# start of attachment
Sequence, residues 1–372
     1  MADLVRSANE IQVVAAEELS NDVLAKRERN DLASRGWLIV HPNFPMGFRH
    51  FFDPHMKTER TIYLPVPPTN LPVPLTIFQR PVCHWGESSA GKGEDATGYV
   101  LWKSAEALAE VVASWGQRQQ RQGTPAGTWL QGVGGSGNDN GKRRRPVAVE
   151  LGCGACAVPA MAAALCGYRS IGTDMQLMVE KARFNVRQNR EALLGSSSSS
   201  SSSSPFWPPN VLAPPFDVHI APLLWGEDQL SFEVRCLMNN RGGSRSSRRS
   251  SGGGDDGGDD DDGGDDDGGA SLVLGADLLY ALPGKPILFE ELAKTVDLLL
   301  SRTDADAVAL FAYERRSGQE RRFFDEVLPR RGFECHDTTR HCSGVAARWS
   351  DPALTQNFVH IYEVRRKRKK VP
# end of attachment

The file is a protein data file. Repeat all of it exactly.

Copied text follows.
Sequence, residues 1–372
     1  MADLVRSANE IQVVAAEELS NDVLAKRERN DLASRGWLIV HPNFPMGFRH
    51  FFDPHMKTER TIYLPVPPTN LPVPLTIFQR PVCHWGESSA GKGEDATGYV
   101  LWKSAEALAE VVASWGQRQQ RQGTPAGTWL QGVGGSGNDN GKRRRPVAVE
   151  LGCGACAVPA MAAALCGYRS IGTDMQLMVE KARFNVRQNR EALLGSSSSS
   201  SSSSPFWPPN VLAPPFDVHI APLLWGEDQL SFEVRCLMNN RGGSRSSRRS
   251  SGGGDDGGDD DDGGDDDGGA SLVLGADLLY ALPGKPILFE ELAKTVDLLL
   301  SRTDADAVAL FAYERRSGQE RRFFDEVLPR RGFECHDTTR HCSGVAARWS
   351  DPALTQNFVH IYEVRRKRKK VP